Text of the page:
Sauté onions, carrots in separate pan: While the pot of meat and stock is simmering, melt the butter in another pot over medium heat. Add the onions and carrots. Sauté the onions and carrots until the onions are golden, about 15 minutes. Set aside until the beef stew in step 2 has simmered for one hour.

Add onions, carrots, potatoes to beef stew, simmer: Add the onions, carrots, and the potatoes to the beef stew. Add black pepper and two teaspoons of salt. Simmer uncovered until vegetables and beef are very tender, about 40 minutes. Discard the bay leaves. Tilt pan and spoon off any excess fat.
Transfer stew to serving bowls. Add more salt and pepper to taste. Sprinkle with parsley and serve.

Colcannon

5 medium Yukon Gold potatoes (about 1¾ pounds)
Kosher salt
6 tablespoons unsalted butter, divided
2 leeks, white and pale-green parts only, sliced in half lengthwise, thinly sliced crosswise
2 garlic cloves, thinly sliced
2 cups (packed) shredded savoy cabbage (from about ¼ large head), divided
1¼ cups milk
½ cup heavy cream
Freshly ground black pepper
1 scallion, thinly sliced

Cover potatoes with water in a small pot; season with salt. Bring to a boil over medium-high heat, then reduce heat and simmer until a paring knife slides easily through the flesh, 30–40 minutes. Drain, let cool slightly, and peel.

Meanwhile, melt 4 Tbsp. butter in a large saucepan over medium heat. Add leeks and cook, stirring frequently, until very soft, 8–10 minutes. Add garlic and cook, stirring frequently, until garlic is fragrant and leeks are just beginning to brown around the edges, about 3 minutes longer. Add 1 cup cabbage and cook, stirring constantly, until wilted. Add milk and cream and bring to a simmer.

Add potatoes and remaining 1 cup cabbage, then coarsely mash with a potato masher. Season with salt and pepper.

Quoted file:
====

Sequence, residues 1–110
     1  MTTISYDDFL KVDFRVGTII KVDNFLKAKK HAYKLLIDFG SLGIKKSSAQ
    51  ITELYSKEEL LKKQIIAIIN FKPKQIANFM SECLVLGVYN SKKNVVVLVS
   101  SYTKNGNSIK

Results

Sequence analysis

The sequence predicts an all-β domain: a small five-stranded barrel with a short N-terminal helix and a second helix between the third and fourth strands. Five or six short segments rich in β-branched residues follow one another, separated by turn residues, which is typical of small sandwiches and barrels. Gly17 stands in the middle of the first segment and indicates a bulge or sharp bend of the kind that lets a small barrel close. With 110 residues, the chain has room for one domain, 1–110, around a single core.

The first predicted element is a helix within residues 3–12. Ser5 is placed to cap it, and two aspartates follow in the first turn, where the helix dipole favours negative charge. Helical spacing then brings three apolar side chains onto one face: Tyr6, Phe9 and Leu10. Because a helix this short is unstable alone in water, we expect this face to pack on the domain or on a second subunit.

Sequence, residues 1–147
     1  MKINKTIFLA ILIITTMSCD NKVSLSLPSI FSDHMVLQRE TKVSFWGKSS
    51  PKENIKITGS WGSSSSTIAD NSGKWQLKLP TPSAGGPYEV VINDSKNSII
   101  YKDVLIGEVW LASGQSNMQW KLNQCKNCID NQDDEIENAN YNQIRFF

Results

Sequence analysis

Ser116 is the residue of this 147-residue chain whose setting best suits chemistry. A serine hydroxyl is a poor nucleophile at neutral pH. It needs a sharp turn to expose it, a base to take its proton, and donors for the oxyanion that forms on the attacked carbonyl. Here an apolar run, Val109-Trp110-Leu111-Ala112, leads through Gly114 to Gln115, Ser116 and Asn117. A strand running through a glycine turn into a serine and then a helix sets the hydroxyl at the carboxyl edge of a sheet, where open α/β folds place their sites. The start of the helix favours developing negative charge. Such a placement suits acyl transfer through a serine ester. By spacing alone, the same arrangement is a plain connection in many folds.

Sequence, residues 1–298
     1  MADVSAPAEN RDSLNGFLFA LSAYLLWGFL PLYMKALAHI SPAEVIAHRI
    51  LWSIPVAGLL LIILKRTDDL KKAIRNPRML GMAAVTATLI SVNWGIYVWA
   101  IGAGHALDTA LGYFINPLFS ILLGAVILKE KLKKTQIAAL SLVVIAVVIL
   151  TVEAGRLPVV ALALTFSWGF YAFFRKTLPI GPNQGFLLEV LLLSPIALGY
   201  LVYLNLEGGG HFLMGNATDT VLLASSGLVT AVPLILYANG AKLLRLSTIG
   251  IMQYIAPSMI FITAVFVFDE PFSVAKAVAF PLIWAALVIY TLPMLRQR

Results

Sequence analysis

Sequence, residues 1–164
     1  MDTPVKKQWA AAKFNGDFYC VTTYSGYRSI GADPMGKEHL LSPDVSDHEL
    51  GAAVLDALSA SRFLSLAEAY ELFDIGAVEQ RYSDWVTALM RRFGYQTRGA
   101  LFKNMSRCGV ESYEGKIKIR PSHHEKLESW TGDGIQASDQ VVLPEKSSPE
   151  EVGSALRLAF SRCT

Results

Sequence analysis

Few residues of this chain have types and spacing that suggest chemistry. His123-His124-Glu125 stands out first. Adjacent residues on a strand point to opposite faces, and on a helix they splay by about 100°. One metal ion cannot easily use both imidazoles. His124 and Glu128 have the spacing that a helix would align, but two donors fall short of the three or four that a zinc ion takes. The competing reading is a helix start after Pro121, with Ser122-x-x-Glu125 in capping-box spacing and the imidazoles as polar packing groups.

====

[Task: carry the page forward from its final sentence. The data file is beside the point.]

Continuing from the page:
Transfer colcannon to a large serving bowl. Top with remaining 2 Tbsp. butter and sprinkle with scallion.

Romesco Sauce

1/4 cup [30 g] almonds
1/4 cup [30 g] hazelnuts
4 red bell peppers
11/2 lb [680 g] Roma tomatoes
1/4 cup [7 g] chopped fresh flat-leaf parsley
2 cloves Garlic Confit (see Gjelina)
1/2 cup [120 ml] extra-virgin olive oil
3 Tbsp red wine vinegar
Kosher salt
Freshly ground black pepper
Preheat the oven to 350°F

On a rimmed baking sheet, spread out the almonds and hazelnuts in an even layer. Toast until lightly browned and aromatic, 10 to 12 minutes. Remove from the oven and let cool.

Increase the oven temperature to 450°F.

Place the bell peppers and tomatoes on a rimmed baking sheet and roast, turning occasionally, until charred on all sides and starting to soften. Alternatively, you can use a grill or a grill pan. Transfer the vegetables to a bowl, cover with a kitchen towel, and allow them to steam. When cool enough to handle, slip off the skins with a towel and remove the seeds.

In a food processor, combine the cooled almonds and hazelnuts, roasted vegetables, parsley, garlic confit, and olive oil. Process to make a coarse sauce with some chunks remaining. Add the vinegar and season with salt and pepper.

Store in an airtight container in the refrigerator for up to 1 week. Bring to room temperature before serving.

Smoked Trout Salad with Grapefruit and Avocado

8 oz [230 g] arugula
5 oz [140 g] high-quality store-bought smoked trout
2 tsp fresh lemon juice
11/4 tsp extra-virgin olive oil
Kosher salt
Freshly ground black pepper
1 grapefruit, pomelo, or oro blanco, or a combination, peeled and sectioned
1 avocado, cut lengthwise in 1/4-in [6-mm] slices
1/4 red onion, cut in thin slices

Put the arugula in a large mixing bowl.

Break up the trout into small chunks over the arugula. Drizzle with the lemon juice and olive oil and season with salt and pepper.

Add the grapefruit sections, avocado, and onion and toss gently, taking care not to break up the avocado slices while distributing them evenly throughout the salad.

Transfer to a serving platter or individual plates and serve immediately.

Cambodian Curry (Samlor Kary)

Rind of 3 kaffir limes, minced
1 stalk lemon grass, minced
1 shallot, minced